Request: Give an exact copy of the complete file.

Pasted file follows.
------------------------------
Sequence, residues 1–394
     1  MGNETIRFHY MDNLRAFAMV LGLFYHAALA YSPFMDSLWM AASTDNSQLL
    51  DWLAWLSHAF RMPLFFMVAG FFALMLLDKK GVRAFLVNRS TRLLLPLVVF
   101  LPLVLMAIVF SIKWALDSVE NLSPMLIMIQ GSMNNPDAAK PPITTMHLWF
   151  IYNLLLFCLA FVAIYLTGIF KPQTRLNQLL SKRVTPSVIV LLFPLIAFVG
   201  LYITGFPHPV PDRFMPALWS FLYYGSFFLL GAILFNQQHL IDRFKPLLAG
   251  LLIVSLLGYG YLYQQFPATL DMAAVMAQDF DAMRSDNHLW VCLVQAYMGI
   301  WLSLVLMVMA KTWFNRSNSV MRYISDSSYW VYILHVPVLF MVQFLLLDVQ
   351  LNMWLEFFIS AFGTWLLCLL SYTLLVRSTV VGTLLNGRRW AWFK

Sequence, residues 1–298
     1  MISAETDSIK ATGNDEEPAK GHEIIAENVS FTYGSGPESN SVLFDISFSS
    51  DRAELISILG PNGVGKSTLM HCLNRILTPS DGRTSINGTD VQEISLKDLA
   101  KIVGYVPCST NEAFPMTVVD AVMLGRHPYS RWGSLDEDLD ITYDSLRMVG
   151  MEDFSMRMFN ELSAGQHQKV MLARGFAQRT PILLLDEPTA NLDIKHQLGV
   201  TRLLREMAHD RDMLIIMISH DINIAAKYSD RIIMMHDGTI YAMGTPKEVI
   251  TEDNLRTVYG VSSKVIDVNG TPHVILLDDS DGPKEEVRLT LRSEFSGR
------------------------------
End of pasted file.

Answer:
Sequence, residues 1–394
     1  MGNETIRFHY MDNLRAFAMV LGLFYHAALA YSPFMDSLWM AASTDNSQLL
    51  DWLAWLSHAF RMPLFFMVAG FFALMLLDKK GVRAFLVNRS TRLLLPLVVF
   101  LPLVLMAIVF SIKWALDSVE NLSPMLIMIQ GSMNNPDAAK PPITTMHLWF
   151  IYNLLLFCLA FVAIYLTGIF KPQTRLNQLL SKRVTPSVIV LLFPLIAFVG
   201  LYITGFPHPV PDRFMPALWS FLYYGSFFLL GAILFNQQHL IDRFKPLLAG
   251  LLIVSLLGYG YLYQQFPATL DMAAVMAQDF DAMRSDNHLW VCLVQAYMGI
   301  WLSLVLMVMA KTWFNRSNSV MRYISDSSYW VYILHVPVLF MVQFLLLDVQ
   351  LNMWLEFFIS AFGTWLLCLL SYTLLVRSTV VGTLLNGRRW AWFK

Sequence, residues 1–298
     1  MISAETDSIK ATGNDEEPAK GHEIIAENVS FTYGSGPESN SVLFDISFSS
    51  DRAELISILG PNGVGKSTLM HCLNRILTPS DGRTSINGTD VQEISLKDLA
   101  KIVGYVPCST NEAFPMTVVD AVMLGRHPYS RWGSLDEDLD ITYDSLRMVG
   151  MEDFSMRMFN ELSAGQHQKV MLARGFAQRT PILLLDEPTA NLDIKHQLGV
   201  TRLLREMAHD RDMLIIMISH DINIAAKYSD RIIMMHDGTI YAMGTPKEVI
   251  TEDNLRTVYG VSSKVIDVNG TPHVILLDDS DGPKEEVRLT LRSEFSGR